Section 3.5. Understanding Kid and TurboGears Views

3.5. Understanding Kid and TurboGears Views

TurboGears uses the Kid templating system to do all the formatting and display logic work that comprises the view section of the MVC paradigm. If you are used to PHP, Cheetah, JSP, or ASP, you'll quickly notice that Kid has its own way of doing things. But if you stick around long enough, you'll notice several important advantages to the Kid way.

First of all, if you work with a designer, she'll fall in love with you right away when you show her how she can open up Kid templates easily in Firefox or Dreamweaver.

On the other hand, if you're not lucky enough to work with a great designer, perhaps you'd like to use Dreamweaver, Nvu, or some other WYSIWYG tool to edit your designs yourself (in which case, you'll be the one falling in love with Kid).

I'm sure plenty of you are the hard-core programmers who write a half dozen well-formed 200KB XHTML+CSS and XML configuration files from memory before breakfast. Kid has a lot for you to love, too.

Basically, Kid templates are XML documents with special namespace attributes that tell the Kid processor how to process the template. Most of the time, this means your Kid templates will be valid XHTML documents before they are processed, and valid HTML documents after they are processed and sent out to the user's browser.

The fact that Kid can guarantee that your documents will be well formed has lots of benifits. For example, as discussed in Chapter 8, "RSS, Cookies, and Dynamic Views in Fast Track," the JavaScript function innerHTML() works great (as long as you give it valid HTML, and Kid output is always valid).

Of course, if you want to, you can use Kid to output all kinds of other XML documents, from XHTML to RSS feeds, XML-RPC, or whatever you happen to need.

But that's probably getting ahead of things. Right now, you just want to see some basic Kid templates so that you can get your mind around how this all works:

<?python some_text = "SomeText is in the title now!" ?> <html xmlns:py="">   <head>     <title py:content="some_text">This is replaced.</title>   </head>   <body>     If you loaded this in Firefox directly the title is "This is Replaced" But     if you opened through TurboGears the title will be " SomeText is in the title now!"   </body> </html>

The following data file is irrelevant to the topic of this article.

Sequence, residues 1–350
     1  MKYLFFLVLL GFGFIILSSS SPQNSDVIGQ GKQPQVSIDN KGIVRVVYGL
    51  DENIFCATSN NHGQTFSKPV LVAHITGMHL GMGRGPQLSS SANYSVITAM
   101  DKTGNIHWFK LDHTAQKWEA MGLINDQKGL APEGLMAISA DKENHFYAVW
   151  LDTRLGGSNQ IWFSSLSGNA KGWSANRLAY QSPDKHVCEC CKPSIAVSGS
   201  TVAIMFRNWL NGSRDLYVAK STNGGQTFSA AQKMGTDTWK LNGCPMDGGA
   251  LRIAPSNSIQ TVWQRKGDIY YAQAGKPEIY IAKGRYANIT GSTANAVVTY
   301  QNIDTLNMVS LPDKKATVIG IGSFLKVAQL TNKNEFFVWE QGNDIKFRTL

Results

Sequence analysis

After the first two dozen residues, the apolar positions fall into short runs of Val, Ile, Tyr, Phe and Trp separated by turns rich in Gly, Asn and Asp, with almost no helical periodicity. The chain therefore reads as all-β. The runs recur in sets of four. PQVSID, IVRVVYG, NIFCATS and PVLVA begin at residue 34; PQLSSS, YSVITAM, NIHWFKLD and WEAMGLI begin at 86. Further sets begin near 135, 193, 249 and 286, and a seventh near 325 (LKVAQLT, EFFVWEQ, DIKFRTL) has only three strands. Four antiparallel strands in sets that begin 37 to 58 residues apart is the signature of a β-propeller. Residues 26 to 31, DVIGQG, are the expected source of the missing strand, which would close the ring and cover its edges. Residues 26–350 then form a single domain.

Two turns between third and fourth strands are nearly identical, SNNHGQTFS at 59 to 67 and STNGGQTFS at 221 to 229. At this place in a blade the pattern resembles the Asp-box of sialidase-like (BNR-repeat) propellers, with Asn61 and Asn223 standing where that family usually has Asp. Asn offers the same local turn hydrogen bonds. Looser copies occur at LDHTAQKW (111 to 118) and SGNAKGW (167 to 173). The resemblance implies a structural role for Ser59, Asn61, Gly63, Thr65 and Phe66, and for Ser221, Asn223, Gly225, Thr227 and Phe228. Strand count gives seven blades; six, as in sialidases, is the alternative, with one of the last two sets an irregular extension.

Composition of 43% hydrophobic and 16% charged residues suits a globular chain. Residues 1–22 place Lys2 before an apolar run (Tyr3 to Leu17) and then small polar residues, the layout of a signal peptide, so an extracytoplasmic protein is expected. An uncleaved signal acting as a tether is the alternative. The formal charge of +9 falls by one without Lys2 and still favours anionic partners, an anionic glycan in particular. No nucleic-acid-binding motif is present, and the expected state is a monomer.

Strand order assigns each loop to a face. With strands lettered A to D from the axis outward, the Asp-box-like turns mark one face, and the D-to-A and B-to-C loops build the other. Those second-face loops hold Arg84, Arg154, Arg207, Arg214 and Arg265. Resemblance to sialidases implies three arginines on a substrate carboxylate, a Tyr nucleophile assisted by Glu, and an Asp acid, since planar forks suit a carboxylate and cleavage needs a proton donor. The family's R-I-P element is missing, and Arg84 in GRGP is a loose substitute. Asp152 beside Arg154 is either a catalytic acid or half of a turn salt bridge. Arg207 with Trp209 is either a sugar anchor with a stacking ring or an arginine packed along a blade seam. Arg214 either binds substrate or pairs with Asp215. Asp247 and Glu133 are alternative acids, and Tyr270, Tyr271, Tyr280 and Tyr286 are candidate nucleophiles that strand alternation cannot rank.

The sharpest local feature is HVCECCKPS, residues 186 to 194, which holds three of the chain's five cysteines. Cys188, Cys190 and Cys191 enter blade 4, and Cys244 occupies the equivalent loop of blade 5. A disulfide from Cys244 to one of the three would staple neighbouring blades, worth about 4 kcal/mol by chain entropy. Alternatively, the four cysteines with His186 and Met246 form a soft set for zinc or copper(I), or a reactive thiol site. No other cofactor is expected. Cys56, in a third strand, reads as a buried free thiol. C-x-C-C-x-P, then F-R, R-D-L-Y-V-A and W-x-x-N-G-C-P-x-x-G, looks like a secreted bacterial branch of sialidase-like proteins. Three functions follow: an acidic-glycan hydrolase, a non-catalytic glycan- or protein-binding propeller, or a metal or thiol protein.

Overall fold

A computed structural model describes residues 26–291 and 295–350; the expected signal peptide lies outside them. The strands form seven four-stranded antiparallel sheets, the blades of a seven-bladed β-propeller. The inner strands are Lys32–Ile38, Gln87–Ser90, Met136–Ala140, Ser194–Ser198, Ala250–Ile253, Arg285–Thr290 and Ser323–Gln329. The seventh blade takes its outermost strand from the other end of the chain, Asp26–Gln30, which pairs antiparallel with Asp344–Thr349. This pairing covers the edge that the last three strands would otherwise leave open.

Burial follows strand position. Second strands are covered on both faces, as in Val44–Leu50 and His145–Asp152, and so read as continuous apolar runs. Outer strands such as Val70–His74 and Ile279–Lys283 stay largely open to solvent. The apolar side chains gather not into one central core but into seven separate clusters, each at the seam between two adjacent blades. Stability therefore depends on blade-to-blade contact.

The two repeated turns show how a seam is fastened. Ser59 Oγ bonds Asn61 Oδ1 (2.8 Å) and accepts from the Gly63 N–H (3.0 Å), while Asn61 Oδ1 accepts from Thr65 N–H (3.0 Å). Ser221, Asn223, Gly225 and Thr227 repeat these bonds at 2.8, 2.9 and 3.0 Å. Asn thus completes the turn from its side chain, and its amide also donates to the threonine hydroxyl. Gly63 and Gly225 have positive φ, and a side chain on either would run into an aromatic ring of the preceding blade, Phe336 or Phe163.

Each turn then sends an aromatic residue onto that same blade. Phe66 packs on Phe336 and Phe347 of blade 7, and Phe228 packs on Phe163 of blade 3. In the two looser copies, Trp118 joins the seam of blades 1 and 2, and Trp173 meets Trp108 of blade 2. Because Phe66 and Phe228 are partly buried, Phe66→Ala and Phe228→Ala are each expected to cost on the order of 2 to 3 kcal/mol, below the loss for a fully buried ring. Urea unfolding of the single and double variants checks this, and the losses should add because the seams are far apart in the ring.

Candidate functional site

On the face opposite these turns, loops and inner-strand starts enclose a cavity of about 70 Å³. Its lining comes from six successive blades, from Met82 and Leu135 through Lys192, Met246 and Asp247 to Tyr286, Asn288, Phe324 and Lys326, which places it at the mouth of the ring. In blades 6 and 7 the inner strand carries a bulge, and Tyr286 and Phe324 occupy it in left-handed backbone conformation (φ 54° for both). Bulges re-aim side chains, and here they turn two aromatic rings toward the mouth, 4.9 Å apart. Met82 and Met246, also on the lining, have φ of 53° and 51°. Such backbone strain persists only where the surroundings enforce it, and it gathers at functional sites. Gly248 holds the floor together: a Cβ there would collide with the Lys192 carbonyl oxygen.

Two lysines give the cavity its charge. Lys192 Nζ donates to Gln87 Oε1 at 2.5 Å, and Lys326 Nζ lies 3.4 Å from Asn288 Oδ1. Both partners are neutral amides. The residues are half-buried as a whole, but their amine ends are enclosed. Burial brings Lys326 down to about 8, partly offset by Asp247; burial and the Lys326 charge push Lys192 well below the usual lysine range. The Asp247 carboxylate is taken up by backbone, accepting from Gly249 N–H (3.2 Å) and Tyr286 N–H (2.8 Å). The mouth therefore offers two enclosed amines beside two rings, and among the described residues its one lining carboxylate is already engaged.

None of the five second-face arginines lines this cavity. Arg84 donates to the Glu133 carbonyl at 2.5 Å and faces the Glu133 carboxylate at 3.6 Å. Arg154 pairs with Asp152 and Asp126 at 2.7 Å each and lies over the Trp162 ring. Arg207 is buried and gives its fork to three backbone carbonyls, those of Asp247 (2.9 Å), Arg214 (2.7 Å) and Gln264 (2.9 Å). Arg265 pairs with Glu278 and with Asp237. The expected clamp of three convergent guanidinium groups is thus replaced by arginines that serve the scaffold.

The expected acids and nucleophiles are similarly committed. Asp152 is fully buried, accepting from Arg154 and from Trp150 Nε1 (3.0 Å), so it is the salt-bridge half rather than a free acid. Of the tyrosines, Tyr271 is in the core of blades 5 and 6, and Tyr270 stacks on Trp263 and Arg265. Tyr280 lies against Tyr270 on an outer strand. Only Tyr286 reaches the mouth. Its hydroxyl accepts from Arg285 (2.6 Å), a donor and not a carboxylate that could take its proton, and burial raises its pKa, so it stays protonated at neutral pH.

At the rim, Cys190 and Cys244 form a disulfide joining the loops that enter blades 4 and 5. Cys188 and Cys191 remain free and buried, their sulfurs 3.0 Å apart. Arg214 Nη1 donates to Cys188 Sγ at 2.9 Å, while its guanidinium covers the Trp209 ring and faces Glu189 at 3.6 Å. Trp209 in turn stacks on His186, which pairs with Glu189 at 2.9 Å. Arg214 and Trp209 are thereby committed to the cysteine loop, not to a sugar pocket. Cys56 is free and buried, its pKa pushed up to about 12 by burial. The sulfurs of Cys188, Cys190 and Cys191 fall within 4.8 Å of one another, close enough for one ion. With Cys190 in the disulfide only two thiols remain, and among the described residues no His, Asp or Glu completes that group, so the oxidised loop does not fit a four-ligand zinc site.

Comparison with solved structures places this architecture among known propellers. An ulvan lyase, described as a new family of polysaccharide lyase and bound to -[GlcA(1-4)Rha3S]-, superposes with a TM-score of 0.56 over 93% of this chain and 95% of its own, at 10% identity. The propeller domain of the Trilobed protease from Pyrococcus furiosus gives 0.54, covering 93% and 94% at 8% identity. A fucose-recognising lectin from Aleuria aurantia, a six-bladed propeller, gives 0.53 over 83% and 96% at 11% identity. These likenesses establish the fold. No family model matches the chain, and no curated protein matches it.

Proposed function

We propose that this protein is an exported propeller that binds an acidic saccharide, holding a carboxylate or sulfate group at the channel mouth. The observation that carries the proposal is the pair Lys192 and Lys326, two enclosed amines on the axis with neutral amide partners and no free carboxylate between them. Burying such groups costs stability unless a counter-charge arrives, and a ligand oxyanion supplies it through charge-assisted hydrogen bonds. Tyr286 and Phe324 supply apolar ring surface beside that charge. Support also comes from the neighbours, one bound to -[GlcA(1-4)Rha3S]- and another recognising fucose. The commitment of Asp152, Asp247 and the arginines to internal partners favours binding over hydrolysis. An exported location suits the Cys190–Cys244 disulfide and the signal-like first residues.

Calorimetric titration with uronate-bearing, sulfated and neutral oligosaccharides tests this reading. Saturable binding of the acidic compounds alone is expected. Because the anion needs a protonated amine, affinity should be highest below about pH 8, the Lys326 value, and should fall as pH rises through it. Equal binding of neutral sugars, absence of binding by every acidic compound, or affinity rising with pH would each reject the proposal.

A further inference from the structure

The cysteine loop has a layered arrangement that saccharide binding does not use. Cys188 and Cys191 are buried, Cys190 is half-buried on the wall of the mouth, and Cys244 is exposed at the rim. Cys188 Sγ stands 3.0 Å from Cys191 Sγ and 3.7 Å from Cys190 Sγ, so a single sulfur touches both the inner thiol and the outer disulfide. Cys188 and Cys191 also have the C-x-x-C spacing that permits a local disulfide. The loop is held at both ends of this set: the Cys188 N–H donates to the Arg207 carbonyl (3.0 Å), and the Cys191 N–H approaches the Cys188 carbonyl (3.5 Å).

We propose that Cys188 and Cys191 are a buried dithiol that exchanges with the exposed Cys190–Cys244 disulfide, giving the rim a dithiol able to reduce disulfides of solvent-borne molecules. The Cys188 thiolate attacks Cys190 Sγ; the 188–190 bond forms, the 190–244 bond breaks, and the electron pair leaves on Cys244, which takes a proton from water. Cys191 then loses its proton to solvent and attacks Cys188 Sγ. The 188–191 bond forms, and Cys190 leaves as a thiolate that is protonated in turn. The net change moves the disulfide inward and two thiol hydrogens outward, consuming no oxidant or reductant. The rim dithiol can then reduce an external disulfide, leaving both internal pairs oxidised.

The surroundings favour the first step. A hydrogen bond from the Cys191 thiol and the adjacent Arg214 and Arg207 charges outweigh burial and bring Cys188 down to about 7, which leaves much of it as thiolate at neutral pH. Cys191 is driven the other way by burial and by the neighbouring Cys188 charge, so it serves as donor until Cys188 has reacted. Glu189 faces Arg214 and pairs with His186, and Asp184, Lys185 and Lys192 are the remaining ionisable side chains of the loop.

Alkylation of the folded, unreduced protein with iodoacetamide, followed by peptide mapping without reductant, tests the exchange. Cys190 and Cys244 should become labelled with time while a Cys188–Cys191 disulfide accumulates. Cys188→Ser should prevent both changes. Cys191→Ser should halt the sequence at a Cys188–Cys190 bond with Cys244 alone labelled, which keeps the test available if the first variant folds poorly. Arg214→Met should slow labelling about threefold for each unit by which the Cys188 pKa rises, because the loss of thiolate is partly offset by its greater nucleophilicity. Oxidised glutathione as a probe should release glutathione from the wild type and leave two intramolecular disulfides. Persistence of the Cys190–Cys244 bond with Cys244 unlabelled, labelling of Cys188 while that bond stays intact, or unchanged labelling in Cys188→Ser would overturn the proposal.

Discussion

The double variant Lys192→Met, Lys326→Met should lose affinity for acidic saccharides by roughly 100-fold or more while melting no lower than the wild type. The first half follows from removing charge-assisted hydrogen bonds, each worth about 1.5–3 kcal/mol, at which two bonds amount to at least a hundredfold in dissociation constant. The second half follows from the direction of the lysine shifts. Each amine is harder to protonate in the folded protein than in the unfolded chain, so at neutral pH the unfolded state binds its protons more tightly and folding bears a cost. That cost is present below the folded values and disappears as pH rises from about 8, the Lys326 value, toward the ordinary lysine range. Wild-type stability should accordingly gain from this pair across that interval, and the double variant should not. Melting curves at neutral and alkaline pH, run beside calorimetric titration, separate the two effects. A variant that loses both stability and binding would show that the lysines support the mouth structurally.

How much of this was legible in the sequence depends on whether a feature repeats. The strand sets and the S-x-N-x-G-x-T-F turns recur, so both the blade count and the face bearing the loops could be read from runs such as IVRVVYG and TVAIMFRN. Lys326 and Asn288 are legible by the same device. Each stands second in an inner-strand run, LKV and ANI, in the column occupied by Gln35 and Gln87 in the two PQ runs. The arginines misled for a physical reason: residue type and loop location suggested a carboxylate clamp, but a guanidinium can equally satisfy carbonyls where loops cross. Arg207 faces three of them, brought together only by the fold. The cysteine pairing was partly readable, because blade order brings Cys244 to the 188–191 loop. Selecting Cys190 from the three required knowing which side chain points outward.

If you save this snippet of code as welcome.kid and throw it in the templates directory of a freshly quick-started project, you can open up the Kid file directly in your browser, or you can start up your server and see the brand new title.

The preceding example shows how you can use the <?python ?> processing instruction to embed pure Python code in your template. But beware, you are not allowed to return strings to the template from a <?python ?> processing instruction. This might seem like a pain at first, but it really helps to maintain the designer friendliness of Kid. Another even more important benefit of this restriction is that it helps you to avoid the kind of ugly spaghetti code mess of application logic mixed in with the markup code that you often see in PHP, ASP, or JSP code.

The example also shows how you use the py:content tag on an attribute to replace the content of that attribute with the value returned by some Python expression. This is one of the keys to making your templates work well in Nvu and Dreamweaver.

If you want to take a shortcut, you can replace the <title> attribute described previously with the following:


This will have the same result when you run it from within TurboGears. But if you open it in Firefox, Nvu, or Dreamweaver, the title will just be ${SomeText}, which isn't all that pretty, and because it's not hidden in an attribute, it is much easier for a designer to accidentally change, and therefore break, your application. Nobody wants that!

Rapid Web Applications with TurboGears(c) Using Python to Create Ajax-Powered Sites
Rapid Web Applications with TurboGears: Using Python to Create Ajax-Powered Sites
ISBN: 0132433885
EAN: 2147483647
Year: 2006
Pages: 202

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